Movie Review - Pina 3D

The newest from German filmmaker Wim Wenders (Wings of Desire and Buena Vista Social Club) is nominated for the Academy Award for Best Documentary. It was one of a select few documentaries released in 2011 that was filmed in 3D, a format that won't totally wow here, but it does do what it intends to do and that's pay tribute to the late choreographer Pina Bausch.

The documentary is a series of dances that were staged by Pina Bausch, prior to her death in 2009, performed by the various ethnic company she trained, interspersed with commentary about Bausch from many of the dancers from that company who loved and respected her. It's not like Step Up 3D in that there is no hip hop style of dancing. The style is more a mix of classical and ballet with some medium and interpretive free forms thrown in. It's also not trying to tell a narrative, as it is simply trying to convey feeling and emotion.

Most of the dances are performed on a theater stage. This is about a little over half of the dances, maybe 60 or 70 percent. The rest of the dances are performed outside in various locations in Wuppertal in West Germany. Wuppertal is just outside the main city of Düsseldorf, near the Belgium and Netherlands border. Wenders picks some interesting places, including a park, a swimming pool, downtown streets, a tram with overhead tracks, a house with glass walls and even what looks like a mountainside cliff.

Aesthetically, these exteriors are beautiful and add air and life to the dances from a mere environmental standpoint. Yet, they're only backdrops. The choreography never incorporates any elements from these environments. The dancers become detached figures, often time unnoticed in these exterior environments. This is in contrast to the interior locations, which make great use of the environment, even when it's mostly a bare stage.

The opening dance number, for example, starts off with the company walking in a procession. A sheer curtain divides the company in half, and as the camera swings in between the two halves, a simple yet elegant 3D effect is achieved. The dancers, divided again between the women in not much more than slips and the bare-chested men, are moving on a floor of dirt.

One of the next numbers puts three dancers in a room filled with chairs and a handful of tiny tables. I believe the number is called "Cafe Muller." Two of the dancers are women and they move and dart across the stage as though blind. This is not a negative criticism. I merely suggest that I believe the two women are portraying characters who are probably literally blind. The women continue to move gracefully. The third dancer, a male, has to throw the chairs and tables aside in order to prevent the women from crashing into them.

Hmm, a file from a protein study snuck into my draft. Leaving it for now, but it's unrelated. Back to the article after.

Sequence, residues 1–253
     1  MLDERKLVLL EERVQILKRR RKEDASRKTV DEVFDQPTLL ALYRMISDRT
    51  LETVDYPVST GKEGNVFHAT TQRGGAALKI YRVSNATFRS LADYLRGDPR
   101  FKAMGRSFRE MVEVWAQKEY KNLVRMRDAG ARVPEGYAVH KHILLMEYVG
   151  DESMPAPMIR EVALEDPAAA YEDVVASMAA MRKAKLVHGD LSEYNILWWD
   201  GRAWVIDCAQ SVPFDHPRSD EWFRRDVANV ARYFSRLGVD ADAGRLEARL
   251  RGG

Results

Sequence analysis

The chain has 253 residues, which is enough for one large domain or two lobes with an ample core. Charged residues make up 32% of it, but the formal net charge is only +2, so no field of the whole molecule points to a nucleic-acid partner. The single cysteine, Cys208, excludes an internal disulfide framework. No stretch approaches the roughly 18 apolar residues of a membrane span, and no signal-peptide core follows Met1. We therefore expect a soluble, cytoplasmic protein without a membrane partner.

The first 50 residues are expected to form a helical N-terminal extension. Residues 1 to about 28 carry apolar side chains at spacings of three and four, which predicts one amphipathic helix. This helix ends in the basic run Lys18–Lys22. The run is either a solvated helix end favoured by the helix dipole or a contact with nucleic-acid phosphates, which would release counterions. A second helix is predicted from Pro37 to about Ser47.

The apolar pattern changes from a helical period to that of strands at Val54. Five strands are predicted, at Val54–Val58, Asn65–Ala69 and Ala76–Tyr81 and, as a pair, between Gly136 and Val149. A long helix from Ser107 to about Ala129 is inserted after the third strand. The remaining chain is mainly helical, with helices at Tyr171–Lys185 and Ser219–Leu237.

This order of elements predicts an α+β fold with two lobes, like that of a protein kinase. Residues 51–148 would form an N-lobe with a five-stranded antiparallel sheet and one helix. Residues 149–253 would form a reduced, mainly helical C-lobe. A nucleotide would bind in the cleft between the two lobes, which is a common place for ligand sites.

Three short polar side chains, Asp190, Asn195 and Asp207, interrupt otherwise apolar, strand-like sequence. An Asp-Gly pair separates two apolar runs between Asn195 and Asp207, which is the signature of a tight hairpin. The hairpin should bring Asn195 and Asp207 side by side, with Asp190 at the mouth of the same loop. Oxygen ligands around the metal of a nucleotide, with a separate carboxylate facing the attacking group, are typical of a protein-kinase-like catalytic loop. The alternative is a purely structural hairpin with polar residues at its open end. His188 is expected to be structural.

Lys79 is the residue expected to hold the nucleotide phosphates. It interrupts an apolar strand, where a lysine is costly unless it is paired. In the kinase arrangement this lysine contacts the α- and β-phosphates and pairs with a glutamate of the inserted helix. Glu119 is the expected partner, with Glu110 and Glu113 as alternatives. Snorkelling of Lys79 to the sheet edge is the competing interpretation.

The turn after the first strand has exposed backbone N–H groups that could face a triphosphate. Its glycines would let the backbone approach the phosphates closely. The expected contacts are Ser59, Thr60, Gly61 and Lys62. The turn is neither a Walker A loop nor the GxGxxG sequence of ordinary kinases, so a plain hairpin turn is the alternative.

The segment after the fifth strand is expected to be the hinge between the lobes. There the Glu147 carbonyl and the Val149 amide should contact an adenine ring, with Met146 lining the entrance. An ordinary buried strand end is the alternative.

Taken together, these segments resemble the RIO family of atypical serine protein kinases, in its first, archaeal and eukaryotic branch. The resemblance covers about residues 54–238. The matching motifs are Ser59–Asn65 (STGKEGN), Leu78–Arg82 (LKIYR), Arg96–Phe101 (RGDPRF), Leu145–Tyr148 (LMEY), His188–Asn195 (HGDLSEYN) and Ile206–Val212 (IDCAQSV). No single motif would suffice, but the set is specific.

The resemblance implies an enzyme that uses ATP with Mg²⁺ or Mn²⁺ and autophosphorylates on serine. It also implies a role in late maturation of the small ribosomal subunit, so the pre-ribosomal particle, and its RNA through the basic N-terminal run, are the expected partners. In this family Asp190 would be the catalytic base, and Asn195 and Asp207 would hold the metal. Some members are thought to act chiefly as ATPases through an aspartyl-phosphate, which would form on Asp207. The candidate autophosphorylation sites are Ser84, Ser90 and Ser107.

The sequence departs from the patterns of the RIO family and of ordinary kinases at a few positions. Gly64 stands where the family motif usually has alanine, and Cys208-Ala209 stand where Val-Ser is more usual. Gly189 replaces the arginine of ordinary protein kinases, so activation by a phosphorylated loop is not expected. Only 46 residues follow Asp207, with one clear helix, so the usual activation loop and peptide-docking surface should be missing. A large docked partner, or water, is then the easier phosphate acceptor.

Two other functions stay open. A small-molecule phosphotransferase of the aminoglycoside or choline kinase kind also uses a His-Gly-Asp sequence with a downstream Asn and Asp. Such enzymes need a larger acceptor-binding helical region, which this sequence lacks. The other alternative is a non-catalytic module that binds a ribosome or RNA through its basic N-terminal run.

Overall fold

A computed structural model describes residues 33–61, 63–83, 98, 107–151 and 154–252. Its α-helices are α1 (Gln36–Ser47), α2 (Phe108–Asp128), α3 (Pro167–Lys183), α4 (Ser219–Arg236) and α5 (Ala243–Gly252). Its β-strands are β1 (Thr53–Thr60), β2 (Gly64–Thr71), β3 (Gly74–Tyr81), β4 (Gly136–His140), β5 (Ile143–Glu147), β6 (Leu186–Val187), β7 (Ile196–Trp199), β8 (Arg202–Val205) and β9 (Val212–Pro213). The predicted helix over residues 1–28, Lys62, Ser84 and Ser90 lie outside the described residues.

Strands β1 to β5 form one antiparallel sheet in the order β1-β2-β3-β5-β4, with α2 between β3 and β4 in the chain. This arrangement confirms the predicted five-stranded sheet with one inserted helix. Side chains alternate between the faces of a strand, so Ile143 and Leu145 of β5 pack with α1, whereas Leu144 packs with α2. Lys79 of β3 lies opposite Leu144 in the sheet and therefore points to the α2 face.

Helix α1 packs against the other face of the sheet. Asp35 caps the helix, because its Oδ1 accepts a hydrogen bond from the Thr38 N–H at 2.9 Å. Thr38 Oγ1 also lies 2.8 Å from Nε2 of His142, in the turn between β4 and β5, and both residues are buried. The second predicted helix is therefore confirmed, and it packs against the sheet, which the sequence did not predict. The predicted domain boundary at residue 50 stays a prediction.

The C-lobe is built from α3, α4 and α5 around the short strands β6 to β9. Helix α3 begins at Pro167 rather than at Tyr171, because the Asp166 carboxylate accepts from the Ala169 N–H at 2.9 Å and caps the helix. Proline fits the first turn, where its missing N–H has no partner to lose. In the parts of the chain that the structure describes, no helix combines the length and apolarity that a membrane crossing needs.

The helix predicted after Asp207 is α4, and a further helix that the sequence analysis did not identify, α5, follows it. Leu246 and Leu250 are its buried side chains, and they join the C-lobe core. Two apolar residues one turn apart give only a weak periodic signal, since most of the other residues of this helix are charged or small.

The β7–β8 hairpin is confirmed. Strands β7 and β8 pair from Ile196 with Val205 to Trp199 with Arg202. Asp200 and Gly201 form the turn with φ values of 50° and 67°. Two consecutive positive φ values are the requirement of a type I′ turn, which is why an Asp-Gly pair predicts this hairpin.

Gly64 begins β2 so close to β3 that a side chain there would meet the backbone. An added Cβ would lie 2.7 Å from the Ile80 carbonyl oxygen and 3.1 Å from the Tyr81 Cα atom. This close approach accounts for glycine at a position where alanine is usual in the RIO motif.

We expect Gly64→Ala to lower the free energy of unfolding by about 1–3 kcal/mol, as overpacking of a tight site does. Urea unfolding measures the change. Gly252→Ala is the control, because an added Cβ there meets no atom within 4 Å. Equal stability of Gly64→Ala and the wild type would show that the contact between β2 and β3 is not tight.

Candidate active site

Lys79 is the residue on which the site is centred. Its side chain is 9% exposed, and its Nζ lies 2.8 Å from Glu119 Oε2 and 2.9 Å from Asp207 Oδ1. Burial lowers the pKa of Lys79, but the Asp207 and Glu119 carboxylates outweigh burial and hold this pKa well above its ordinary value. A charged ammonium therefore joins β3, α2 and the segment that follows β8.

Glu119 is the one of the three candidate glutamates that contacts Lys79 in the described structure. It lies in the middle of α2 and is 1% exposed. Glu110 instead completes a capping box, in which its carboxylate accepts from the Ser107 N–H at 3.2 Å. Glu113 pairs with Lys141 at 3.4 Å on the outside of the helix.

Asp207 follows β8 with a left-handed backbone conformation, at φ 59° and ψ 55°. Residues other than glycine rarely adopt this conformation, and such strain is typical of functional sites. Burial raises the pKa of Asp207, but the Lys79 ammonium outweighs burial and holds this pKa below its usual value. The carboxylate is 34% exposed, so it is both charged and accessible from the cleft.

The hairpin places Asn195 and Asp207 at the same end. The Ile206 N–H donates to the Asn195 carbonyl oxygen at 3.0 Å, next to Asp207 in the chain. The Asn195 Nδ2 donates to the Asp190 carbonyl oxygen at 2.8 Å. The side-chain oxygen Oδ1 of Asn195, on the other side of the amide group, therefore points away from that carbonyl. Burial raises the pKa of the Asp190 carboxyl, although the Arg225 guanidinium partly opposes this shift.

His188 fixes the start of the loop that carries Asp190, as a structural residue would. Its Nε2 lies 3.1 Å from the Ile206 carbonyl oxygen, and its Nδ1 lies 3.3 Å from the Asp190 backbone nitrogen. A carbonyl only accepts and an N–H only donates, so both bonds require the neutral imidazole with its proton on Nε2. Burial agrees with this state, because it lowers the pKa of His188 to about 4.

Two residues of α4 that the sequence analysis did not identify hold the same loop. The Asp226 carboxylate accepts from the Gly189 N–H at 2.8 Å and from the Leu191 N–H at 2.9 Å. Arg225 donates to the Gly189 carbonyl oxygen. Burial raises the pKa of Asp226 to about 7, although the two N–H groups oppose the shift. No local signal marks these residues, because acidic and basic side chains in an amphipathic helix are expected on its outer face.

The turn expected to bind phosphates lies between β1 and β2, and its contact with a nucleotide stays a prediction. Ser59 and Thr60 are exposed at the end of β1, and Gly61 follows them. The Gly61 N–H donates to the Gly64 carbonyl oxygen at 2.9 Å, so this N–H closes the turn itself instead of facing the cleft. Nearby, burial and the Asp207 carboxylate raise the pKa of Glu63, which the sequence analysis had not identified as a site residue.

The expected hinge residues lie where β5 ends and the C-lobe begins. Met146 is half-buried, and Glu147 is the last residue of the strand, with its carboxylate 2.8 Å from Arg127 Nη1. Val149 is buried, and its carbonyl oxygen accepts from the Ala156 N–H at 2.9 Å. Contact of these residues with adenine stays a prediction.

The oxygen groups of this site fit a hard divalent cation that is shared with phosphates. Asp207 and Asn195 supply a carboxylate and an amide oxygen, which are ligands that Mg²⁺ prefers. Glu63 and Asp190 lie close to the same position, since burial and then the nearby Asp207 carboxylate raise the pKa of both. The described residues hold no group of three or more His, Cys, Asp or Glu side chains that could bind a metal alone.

Other numbers make use of the chairs. The dancers are off and on them or tossing them around or even stacking them in one instance. The dancers are slamming into walls or onto the floor. They make use of that space. It even culminates in a number where there is a waterfall on stage and a huge boulder. The dancers are off and on the big rock. The stage eventually floods with water and the dancers are sliding and splashing through it. All this water sport is pretty in 3D.

Yet, it stands against the lifelessness of the exterior dances where the men and women hardly, if never, interact with what's around them as they do on the stage. They hardly even touch anything that's outside.

What was most remarkable about Bausch's work here was the lack of large group numbers. The opening number is a group dance with every member of the company. It features a lot of synchronized moves, which are all very impressive. They also feature big arm gestures where the dancers will repeatedly reach up and out, as well as repeated bends and contractions of their whole bodies.

Bausch described her dancers as being like painters. Therefore, their arm and leg movements are like brush-strokes. Their bodies are the brushes. The space occupied on stage is the canvas, but it's not about creating a specific picture, as some painters don't do. The dancers are trying to paint emotions. The two main emotions that Bausch wants to portray are fragility and strength, often concurrently.

The easiest way she portrays these two emotions at once is through trust falls. A woman stiffens as straight as a board and tilts to one side as a male catches and stands her upright. One of the most powerful expressions of fragility and strength concurrently is a man who approaches four women on stage and proceeds to drop his pants. It's not in a sexual way. It's a bold move to get at Bausch's diametrically-opposed feeling.

Another number, which isn't sexual, features a group of men coming up to a woman center stage and aggressively molesting her. No one removes her clothing, but at times it felt like a gang rape. That might be an extreme interpretation. Yet, it's a weird and strong moment that's very evocative, which probably was Bausch's hope.

Three Stars out of Five.
Rated PG for some sensuality, partial nudity and smoking.
Running Time: 1 hr. and 46 mins.


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